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Posted on: December 4, 2019

Two new projects analyze state of local environment, emphasize conservation

Photo of Orange County landscape

A State of the Environment report for Orange County and the Eno-New Hope Landscape Conservation Plan were released Wednesday, Dec. 4, at an Environmental Summit hosted by Orange County and the Eno-New Hope Landscape Conservation Group. The summit brought together local governments, conservation groups, universities, and ecologists to discuss current environmental work and achievements in a 4-county area including Chatham, Durham, Orange, and Wake. A major focus of the summit and these two new reports is on opportunities for regional collaboration to provide local solutions to some of our urgent environmental problems.

The 2019 State of the Environment report was produced by the Orange County Commission for the Environment (CFE), a citizen board that advises the Orange County Board of Commissioners on matters related to the natural environment. The CFE completed the first State of the Environment report in February 2000. Following that initial effort, the Commission for the Environment decided it would continue to monitor environmental indicators so that it might identify the status and trends of environmental quality in Orange County. Subsequent reports were completed in 2002, 2004, 2009, and 2014.

The 2019 report highlights Orange County’s ongoing commitment to a healthy environment, including a transition to 100% renewable energy county wide by 2050, maintaining a Rural Buffer planning zone to limit urban sprawl for over 30 years, actively supporting local, sustainable agriculture, and reaching the goal of conserving 10% of the County’s land. The report also points out that continued population growth, along with global threats like climate change, will test the County’s resilience and responsiveness to environmental change.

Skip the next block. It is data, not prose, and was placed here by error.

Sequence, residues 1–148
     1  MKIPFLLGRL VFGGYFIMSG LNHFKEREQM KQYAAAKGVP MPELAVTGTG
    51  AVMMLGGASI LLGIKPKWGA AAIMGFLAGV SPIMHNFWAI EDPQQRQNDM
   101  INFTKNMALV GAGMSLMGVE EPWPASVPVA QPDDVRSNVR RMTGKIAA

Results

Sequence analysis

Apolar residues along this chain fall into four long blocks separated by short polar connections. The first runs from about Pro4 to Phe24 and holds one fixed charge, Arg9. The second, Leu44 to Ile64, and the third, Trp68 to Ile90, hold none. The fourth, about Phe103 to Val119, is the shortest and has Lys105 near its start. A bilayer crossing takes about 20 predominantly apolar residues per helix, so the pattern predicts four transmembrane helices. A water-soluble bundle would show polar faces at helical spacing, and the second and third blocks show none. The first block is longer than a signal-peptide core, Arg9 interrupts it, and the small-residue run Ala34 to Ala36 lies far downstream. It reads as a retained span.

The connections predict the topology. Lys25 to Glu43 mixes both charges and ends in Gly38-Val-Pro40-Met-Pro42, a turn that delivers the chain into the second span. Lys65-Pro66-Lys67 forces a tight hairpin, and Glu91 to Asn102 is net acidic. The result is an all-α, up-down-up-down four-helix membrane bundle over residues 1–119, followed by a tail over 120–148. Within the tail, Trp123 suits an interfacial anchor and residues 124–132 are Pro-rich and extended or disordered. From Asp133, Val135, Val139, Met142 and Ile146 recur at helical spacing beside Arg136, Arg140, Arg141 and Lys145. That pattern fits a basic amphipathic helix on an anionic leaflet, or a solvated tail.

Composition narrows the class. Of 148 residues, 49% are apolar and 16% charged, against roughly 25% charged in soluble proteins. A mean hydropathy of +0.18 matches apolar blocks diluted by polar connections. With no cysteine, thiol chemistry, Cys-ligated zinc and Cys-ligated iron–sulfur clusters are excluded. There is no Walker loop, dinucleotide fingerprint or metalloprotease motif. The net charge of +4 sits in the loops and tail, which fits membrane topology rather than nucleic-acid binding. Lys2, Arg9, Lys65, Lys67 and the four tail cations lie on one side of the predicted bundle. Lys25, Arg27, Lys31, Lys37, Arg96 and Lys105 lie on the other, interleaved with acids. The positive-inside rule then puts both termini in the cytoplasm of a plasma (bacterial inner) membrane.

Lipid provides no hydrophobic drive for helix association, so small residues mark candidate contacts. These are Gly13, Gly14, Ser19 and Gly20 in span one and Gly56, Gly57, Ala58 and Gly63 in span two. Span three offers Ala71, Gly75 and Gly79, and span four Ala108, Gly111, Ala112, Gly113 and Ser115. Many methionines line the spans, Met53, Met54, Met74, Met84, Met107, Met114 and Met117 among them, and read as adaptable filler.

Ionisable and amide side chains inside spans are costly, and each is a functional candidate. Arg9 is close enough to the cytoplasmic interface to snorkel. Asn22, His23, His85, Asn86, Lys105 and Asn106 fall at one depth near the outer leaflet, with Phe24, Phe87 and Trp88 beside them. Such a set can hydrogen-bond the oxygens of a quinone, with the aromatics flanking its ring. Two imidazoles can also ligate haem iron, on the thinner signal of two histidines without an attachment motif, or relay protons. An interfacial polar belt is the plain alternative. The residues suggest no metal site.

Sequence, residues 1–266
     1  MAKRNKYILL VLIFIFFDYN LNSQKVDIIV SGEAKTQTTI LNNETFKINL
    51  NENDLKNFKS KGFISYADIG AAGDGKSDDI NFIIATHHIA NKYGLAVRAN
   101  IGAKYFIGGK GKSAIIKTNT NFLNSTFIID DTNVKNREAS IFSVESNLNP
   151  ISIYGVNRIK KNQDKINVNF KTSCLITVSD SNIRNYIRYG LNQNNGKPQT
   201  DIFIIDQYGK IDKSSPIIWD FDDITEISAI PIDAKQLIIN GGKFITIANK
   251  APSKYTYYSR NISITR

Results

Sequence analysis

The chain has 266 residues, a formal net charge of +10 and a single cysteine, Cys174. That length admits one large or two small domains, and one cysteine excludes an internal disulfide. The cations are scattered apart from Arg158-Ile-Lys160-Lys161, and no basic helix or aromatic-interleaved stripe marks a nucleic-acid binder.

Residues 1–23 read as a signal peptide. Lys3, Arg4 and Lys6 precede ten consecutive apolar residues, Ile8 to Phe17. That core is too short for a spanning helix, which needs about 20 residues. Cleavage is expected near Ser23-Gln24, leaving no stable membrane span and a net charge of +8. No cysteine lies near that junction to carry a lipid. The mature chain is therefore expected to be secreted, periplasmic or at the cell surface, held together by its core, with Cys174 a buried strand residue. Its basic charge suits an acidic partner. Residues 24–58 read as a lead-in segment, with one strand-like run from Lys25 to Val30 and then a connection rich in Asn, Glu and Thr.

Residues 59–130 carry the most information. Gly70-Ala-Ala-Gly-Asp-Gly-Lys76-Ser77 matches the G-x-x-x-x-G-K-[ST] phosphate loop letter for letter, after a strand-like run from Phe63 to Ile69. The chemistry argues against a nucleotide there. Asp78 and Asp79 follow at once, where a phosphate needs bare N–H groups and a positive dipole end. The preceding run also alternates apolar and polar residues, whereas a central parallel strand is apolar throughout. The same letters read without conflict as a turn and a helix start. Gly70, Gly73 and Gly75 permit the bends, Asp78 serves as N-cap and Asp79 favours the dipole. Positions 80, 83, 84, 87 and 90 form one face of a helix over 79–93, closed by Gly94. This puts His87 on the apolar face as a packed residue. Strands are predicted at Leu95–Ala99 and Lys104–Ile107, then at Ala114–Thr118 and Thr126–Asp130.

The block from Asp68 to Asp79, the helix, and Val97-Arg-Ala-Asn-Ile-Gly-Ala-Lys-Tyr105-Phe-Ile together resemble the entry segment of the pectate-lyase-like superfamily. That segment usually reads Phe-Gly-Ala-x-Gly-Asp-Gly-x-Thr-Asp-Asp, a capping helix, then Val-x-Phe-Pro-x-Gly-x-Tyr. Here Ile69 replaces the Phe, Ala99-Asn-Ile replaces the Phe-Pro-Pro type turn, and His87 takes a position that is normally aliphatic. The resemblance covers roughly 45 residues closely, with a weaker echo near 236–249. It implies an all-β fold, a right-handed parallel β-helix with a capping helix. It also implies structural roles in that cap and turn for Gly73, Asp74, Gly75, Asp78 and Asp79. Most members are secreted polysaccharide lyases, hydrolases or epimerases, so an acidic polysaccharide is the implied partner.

The report’s well-researched recommendations on topics such as land and biodiversity conservation, watershed health and vulnerability, and energy insecurity for low income households will help Orange County improve its resilience, increase protections for its most vulnerable residents, and continue to show leadership in environmental conservation. For more information and to download this and previous Orange County State of the Environment Reports, please visit www.orangecountync.gov/465/State-of-Environment.

Eno-New Hope Landscape Conservation Plan

The Eno-New Hope Landscape Conservation Plan was produced by a collaboration among local governments, conservation groups, universities, and ecologists and focuses on the critical importance of habitat connectivity for wildlife in the Eno River and New Hope Creek watersheds in Chatham, Durham, Orange, and Wake counties. This landscape is home to a rich diversity of plants and animals that rely on habitats provided by connected patches of forest, wetlands, and other natural communities. With habitat fragmentation and climate change threatening the persistence of biodiversity, this project produced a prioritized network of wildlife habitat and corridors based on species’ habitat needs for survival.